Summer Peach Jam

Capture the fresh taste of summer with this easy to make jam. This recipe uses only three ingredients; peaches, sugar and lemon juice.

Peach jam

Fresh PeachesRecipe:

  • 4 pounds of peaches (there are around 2 large and 3 medium to a pound).
  • 3 cups of sugar
  • 2 Tbsp. lemon juice

 

 

 

 

You’ll also need some mason jars, lids and bands and of course the peaches!

Ingredients

When you select your peaches, try to get the free stone ones, the stones (as the name suggests) comes out easier. If you can’t get them or if the stones is a little er.hem… difficult. Try using a teaspoon to scoop the second half of the stone out.

Start by removing the skins of the peaches: Place a pan of water to boil, and some iced water in a bowl.

Score a cross on the peaches bottom very lightly, you only want to score the skin, not cut into the flesh.

Use a slotted spoon to gently place each peach into the boiling water. Don’t crowd the pan, do it in batches. Let the peach sit for around 30 seconds, be careful not to actually cook the peach.  Using the slotted spoon remove the peach and plunge immediately into the bowl of iced water. Wait until the peaches cool.  The skin typically curls around where the skin was scored, use a knife to pull the skin off.

To remove the stone; cut each peach in half and twist, one half will twist off fine, push your thumb under the stone in the second half to pop it out.

Cut up the peaches

Cut the peach halves into smallish peaches. Depending on if you like “chunky jam” omit the next bit.

 

 

 

 

 

 

Mashed peaches

 

like my jam a little less chunky so I give the peaches a mash with a potato masher at this stage.

 

 

 

 

 

Add the sugar and turn the heat on low. The sugar will start melting, the peach juice will start coming out.

Now bring to a rapid boil. This is when the bubbles don’t stop even during stirring.

If you notice any “scum” floating to the top, then skim. This isn’t harmful to you, but it though to lead to a cloudy jam if left in.

Peach jam boiling

Turn the heat down just enough to keep at a gentle boil. Stir occasionally, just to stop it sticking. After about 15 minutes, add the lemon juice.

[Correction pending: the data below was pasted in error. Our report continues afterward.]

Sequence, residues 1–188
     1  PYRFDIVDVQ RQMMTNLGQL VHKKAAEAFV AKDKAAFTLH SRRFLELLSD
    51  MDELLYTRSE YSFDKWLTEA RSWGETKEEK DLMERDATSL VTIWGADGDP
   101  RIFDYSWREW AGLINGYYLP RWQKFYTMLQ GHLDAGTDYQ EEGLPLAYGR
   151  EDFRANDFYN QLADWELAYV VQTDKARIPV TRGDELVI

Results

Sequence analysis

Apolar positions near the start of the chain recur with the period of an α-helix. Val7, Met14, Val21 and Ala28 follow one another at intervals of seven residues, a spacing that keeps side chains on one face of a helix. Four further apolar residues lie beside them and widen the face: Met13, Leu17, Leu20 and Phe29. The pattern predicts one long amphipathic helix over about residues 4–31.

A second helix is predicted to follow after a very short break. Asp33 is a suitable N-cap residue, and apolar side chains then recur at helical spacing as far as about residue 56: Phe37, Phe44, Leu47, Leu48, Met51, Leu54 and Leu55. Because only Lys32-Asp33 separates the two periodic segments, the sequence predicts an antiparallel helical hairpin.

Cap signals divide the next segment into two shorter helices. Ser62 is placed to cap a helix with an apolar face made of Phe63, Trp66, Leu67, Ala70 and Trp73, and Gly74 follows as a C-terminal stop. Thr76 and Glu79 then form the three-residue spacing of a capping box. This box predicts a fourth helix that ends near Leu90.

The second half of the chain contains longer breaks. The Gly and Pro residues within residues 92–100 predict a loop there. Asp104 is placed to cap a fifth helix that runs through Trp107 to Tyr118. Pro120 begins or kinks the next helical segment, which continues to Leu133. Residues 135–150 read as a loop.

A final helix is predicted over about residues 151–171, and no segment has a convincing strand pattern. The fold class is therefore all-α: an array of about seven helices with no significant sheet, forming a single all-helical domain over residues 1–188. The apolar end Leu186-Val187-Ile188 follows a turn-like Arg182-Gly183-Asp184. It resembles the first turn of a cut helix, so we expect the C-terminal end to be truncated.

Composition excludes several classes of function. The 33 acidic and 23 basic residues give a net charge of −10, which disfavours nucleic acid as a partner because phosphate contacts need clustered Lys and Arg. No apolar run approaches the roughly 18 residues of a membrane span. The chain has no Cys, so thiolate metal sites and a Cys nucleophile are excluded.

The jam will take around an hour, but nothing is set in stone. Yours could take more or less time to get to the gelling stage.

When the jam is looking thick (and it will take on a golden color) put a small bowl or plate in to the freezer.

Take the bowl out of the freezer and drop a teaspoon of the jam onto the plate, leave for a few minutes to cool. Lightly drag your finger over the jam. If a skin has formed that gets dragged over the surface, you’re ready to jar. If not them keep boiling the jam. Keep testing the jam until you get to this stage.

Canning the Jam:

Let’s get the jars ready. Wash the jars and rings in hot soapy water, rinsing clean.

I don’t do hot water canning for jams or high acid relishes. But I’ve included “typical” hot water canning instruction later.

Place the jars into a warm oven (200F) to dry and keep hot. Place the lids in a glass bowl and put the kettle on or get a small pan of water up to the boil.

When ready to jar, bring a jar out of the oven and place on a heat resistant surface. Using a jam funnel, fill the jar to about ¼ inch of the top. Wipe the top and threads of the jar to remove any spilled jam.

Place a lid in the boiling water, count to 10. Take the lid out (please use tongs as they will be hot).  Place the lid on the jar and add the band. I’ve tried putting the band in the oven and using them cold and as yet not noticed any difference in their performance. Screw the band down hand tight.

Now leave the jars to cool without disturbing.

Label and enjoy or gift your jam.

Peach jam

If you don’t like overly sweet jam or the thought of all that sugar makes you squirm, you could use less sugar and the reduced sugar pectin to get the jam to set. Jam recipes are simple to adapt , just follow the manufacturer’s recommendations if you plan to do so.

 

Hot water canning:

As promised here is the typical way of hot water canning.

Wash the jars in hot soapy water, rinse clean.

Fill your bath canner around half full (remember the jars will displace some fluid). Place your jars in the water and bring to a gentle simmer. If you haven’t got a canning bath a large saucepan with a rack, or something to keep the jars of the bottom of the pan is all you need. Keep the jars in the water until just ready to fill with your jam.

Use a jar lifter, lift a jar out of the water, emptying the water inside. Place on a heat resistant surface. Now fill with your jam, within ¼ inch of the top. Remove any visible bubbles (you can buy special spatulas to help) Make sure nothing is on the jar rim or threads. Place the lid on the jar and screw down the band so its hand tight only. Place the sealed jar back in to the canner.

When all the jars are done (remember don’t overcrowd the pan) and bring to a full rolling boil for the desired time. There are tables available or your recipe may include this information.

Turn of the heat under the canner, remove the lid and allow to stand in the water for a few minutes.

Remove the jars with the jar lifter and allow to stand, untouched for 24 hours. Don’t be tempted to re-tighten the bands. The lids should not flex when pressed.

 

 

 

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